Lenten Almsgiving


While the use of the word Almsgiving has fallen out of the modern vernacular, it is still to be found in religious language and one of the three tenets to be acknowledged during Lent along with fasting and prayer. Many of us give money to our churches and temples and a variety of other charitable organizations, but how many of us specifically give alms to the poor?

In the nearby city, there are several soup kitchens, homeless shelters, a city mission, and poor boxes in a variety of church denominations. Unless we are involved int he day to day lives of the poor, we do not always see the needs.  We leave it to our friends and neighbors. Much of this is without thought. Whenever I pass someone asking for money on the road, my first inclination is to roll down my window and give something to them.

Unfortunately, in this electronic world of debit cards, I rarely have any cash in my pocket.

One of the groups that is organized out of my church (and out of many churches across the country) is the St. Vincent de Paul Society. Even before I was a member of my parish, they helped me many times, including with money for a much needed hot water heater. When I went to them it was for advice, perhaps they had a suggestion of a reliable company to use or one that offered the group a discount. I had not expected money towards the heater even though we desperately needed financial assistance. We’re one of hundreds of families who request and are given help throughout the year with both money, food, and resources. Contact your local society or go through your local Diocese’s website for ways to reach them and contribute, not just money, but time as well.

Every year, despite our own monetary shortcomings, I try to give back a. little bit towards them.

Also at the top of my list is our local volunteer fire department. This is not necessarily an alms in the traditional sense of the word, used for the poor, but our local firefighters do not get paid and they come out to help with fires and medical emergencies whenever they are called, no matter the weather or time of day (or night).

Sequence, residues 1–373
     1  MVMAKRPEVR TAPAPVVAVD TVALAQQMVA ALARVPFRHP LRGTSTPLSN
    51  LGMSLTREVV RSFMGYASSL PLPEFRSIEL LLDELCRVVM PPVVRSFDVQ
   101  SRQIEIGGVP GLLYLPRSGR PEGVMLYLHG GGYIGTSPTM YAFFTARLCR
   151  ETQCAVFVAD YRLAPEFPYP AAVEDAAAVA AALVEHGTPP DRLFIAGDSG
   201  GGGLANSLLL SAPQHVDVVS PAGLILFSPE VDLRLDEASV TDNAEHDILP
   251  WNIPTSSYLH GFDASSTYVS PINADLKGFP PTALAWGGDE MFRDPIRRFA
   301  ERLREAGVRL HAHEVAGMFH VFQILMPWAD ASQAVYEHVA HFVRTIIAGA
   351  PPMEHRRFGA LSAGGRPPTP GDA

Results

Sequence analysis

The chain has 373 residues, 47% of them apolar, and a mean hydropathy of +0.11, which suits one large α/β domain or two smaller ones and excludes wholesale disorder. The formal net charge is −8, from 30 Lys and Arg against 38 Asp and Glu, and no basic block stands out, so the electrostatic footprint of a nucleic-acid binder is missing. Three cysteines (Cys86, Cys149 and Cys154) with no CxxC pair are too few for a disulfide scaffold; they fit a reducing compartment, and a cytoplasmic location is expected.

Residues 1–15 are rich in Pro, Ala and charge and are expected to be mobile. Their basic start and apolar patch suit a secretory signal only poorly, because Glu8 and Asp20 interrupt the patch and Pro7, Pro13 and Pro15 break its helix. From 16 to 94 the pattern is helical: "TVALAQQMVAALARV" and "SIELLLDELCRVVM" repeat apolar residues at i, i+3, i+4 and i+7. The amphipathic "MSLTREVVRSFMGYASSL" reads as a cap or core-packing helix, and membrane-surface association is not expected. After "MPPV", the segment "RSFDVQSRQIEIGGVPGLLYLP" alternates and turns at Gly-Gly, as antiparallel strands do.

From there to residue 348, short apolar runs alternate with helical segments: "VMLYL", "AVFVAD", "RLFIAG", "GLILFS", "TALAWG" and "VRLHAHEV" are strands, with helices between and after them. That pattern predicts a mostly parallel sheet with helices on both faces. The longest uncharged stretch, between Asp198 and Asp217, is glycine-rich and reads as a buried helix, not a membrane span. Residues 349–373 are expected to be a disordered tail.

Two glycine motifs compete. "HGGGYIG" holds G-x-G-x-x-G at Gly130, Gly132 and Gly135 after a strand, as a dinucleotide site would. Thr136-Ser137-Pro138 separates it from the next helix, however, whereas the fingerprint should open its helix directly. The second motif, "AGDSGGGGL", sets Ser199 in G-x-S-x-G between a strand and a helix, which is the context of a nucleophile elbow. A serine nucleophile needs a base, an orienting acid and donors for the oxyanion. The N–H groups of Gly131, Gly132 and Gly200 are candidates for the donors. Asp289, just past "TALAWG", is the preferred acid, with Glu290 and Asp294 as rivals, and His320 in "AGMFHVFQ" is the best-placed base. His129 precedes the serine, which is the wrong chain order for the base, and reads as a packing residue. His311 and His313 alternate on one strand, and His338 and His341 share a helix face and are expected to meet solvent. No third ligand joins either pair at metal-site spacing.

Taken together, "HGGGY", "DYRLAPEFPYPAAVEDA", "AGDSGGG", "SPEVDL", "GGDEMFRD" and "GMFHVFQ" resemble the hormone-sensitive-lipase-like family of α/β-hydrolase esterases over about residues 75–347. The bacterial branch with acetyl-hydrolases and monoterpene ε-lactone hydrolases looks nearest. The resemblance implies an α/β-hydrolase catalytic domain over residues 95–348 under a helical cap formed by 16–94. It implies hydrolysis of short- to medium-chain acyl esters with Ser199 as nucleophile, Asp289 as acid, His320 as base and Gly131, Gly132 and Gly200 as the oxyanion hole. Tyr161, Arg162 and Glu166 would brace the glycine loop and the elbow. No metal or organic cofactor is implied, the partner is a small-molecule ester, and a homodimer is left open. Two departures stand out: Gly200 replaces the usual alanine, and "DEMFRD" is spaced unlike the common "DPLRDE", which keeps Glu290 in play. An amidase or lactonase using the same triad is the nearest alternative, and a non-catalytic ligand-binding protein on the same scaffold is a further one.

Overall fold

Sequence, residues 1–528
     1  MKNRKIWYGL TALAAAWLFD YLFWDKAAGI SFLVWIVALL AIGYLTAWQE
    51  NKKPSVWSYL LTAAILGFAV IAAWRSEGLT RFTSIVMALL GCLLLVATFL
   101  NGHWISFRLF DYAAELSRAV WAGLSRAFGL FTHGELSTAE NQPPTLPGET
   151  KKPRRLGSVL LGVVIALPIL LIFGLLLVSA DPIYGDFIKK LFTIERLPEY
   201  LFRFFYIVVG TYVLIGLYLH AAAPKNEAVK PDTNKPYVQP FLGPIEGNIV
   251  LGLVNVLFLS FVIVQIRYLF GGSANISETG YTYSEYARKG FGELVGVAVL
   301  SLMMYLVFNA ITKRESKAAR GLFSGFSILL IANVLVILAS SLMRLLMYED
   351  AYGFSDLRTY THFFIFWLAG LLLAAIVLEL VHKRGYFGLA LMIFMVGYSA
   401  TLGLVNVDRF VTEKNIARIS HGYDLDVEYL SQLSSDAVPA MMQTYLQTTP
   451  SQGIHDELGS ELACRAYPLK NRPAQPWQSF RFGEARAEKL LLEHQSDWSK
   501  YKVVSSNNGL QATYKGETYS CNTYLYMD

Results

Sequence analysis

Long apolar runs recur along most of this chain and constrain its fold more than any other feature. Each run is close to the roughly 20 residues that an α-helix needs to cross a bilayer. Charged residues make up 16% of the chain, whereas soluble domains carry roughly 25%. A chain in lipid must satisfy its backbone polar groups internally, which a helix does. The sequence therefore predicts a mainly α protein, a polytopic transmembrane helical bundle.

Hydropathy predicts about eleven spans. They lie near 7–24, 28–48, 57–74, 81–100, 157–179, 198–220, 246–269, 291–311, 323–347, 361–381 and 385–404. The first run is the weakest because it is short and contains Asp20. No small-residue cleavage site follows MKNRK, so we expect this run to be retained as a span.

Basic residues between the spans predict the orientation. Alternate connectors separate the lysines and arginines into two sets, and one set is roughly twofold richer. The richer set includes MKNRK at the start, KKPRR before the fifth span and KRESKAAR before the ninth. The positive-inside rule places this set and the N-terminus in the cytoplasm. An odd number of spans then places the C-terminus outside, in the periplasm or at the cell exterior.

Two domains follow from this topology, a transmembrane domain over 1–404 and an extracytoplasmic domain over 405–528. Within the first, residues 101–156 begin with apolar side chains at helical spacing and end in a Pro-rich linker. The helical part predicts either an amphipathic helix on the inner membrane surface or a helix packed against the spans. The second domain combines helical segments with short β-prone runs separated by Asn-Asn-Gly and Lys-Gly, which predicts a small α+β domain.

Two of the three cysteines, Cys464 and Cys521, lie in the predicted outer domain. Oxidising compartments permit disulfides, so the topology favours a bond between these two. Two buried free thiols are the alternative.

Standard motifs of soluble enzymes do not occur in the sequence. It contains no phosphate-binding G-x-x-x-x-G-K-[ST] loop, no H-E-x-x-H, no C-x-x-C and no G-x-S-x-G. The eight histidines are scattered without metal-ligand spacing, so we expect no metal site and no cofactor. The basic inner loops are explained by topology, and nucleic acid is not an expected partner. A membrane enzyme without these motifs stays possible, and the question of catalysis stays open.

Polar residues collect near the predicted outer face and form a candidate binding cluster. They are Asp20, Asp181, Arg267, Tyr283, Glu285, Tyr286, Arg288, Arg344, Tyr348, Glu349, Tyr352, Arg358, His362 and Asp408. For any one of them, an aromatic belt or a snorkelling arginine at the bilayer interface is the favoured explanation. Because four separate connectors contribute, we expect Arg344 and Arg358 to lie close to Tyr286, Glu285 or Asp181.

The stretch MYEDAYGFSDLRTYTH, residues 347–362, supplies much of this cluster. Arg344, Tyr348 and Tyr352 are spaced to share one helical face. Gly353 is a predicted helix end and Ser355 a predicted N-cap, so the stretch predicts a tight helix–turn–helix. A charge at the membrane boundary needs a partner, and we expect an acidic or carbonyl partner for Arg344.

Places where I try to send my money when I have it follow below. Please add your own suggestions and charities in the comments to make us aware of what opportunities are out there for us to donate to.

Don’t forget – you can donate more than money. Many charities are looking for clothes, household items, baby items, school supplies, and your time and talent. As the organization before you drop things off so you can make sure that they need what you’d like to give them. Items should definitely be in good, working order and be clean. Imagine if you were receiving this item.


Almshouses in Llanrwst, North Wales built by Sir John Wynn in 1610 as seen from the entrance at Ancaster Square


View of the alley of Almshouses in Llanrwst, North Wales as viewed from St. Gwrst Parish Church and the Afon Conwy

Random Acts
American Red Cross

The Trevor Project

Pediatric Brain Tumor Foundation

Human Rights Campaign

Lenten Prayer


Prayer is one of those things that sounds like an easy fix, but it is far from that. It is also not rocket science. Prayer is one of those things that is very individual to each person doing it. There is no right way or wrong way to pray. As long as it’s meaningful to you,  you’re doing it right.

It took me a long time to figure that out. While I’ve always believed in G-d and had conversations with him, I had always found formal prayer to be out of my reach.

There are many opportunities during the Lenten season to pray a little extra each day and to spend some of that time in contemplation of those things for Lent: fasting, abstinence, penance, almsgiving and prayer itself.

One suggestion that was just offered at a recent retreat is that upon waking up in the morning, sit up in bed with your eyes closed and breathe slowly. No special counting or breathing necessary, just try and clear your mind. No thinking, no listmaking, no complaining. Think about what you’re grateful for, thank G-d for all that He’s given you, all that you have and get ready to start your day.

Think about the ways you can be better, can do better. Last Lent I tried to pray the rosary every day. This Lent, I’m trying to be a little quieter in my thoughts and writing a bit more and looking inward.

When I first began to attend the daily masses at my church, I never knew what to pray for during the prayer of the faithful. It was easy to pray for the sick and the dead – that’s right there in the big print. I had people who were sick, including myself; I had people who had died, but what were my silent intentions? I felt that I needed something tangible to think about in order to pray for it. If I had nothing more tangible to pray for, I had started praying for patience, courage and strength. Sometimes it was a bit more – patience with my kids, courage with my therapist and the like, but it couldn’t hurt and it still felt respectful.